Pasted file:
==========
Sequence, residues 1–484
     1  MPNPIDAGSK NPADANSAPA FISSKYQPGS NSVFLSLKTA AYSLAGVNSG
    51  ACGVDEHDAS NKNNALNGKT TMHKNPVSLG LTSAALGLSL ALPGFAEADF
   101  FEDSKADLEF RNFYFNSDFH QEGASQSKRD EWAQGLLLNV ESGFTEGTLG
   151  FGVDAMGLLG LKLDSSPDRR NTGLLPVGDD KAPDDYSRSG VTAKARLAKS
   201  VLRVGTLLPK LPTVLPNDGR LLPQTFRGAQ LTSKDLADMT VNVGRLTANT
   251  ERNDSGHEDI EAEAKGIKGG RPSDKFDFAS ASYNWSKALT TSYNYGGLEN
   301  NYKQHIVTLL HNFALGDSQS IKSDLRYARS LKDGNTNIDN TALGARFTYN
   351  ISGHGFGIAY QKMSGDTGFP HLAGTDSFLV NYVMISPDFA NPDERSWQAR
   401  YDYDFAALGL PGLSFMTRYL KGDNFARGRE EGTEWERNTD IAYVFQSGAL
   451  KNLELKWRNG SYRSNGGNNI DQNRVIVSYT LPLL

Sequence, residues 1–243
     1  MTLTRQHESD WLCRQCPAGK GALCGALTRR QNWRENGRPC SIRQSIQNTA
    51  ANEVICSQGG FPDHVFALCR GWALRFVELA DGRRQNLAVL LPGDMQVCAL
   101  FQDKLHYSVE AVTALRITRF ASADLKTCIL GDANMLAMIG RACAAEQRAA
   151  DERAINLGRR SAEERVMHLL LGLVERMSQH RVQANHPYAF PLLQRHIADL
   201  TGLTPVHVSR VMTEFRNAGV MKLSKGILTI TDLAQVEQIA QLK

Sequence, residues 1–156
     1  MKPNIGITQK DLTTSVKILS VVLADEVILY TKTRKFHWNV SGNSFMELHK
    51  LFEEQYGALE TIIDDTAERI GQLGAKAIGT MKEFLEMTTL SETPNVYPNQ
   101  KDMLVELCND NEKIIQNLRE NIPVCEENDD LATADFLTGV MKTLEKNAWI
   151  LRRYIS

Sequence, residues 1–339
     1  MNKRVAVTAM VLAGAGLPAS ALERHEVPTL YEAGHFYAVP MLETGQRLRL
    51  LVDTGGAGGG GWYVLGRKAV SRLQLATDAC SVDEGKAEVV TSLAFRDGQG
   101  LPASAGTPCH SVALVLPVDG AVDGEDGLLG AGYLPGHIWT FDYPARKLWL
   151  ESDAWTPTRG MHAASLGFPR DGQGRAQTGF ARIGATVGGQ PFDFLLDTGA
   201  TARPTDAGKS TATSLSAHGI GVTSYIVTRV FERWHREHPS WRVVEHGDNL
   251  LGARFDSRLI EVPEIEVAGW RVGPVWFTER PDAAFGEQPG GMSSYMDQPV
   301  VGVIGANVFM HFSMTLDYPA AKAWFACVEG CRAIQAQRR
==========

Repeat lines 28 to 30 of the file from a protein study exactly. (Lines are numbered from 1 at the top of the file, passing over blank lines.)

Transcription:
   201  TARPTDAGKS TATSLSAHGI GVTSYIVTRV FERWHREHPS WRVVEHGDNL
   251  LGARFDSRLI EVPEIEVAGW RVGPVWFTER PDAAFGEQPG GMSSYMDQPV
   301  VGVIGANVFM HFSMTLDYPA AKAWFACVEG CRAIQAQRR